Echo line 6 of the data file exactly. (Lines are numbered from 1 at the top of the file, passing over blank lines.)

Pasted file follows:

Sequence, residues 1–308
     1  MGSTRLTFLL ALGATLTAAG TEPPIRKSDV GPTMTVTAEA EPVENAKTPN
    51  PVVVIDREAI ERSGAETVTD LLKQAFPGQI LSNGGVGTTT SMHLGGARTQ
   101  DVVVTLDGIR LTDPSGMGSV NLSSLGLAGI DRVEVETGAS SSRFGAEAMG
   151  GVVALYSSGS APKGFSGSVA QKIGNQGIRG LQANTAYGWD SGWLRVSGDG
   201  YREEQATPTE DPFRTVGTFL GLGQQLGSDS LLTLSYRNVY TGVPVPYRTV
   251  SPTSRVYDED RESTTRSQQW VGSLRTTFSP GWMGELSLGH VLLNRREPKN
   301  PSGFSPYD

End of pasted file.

   201  YREEQATPTE DPFRTVGTFL GLGQQLGSDS LLTLSYRNVY TGVPVPYRTV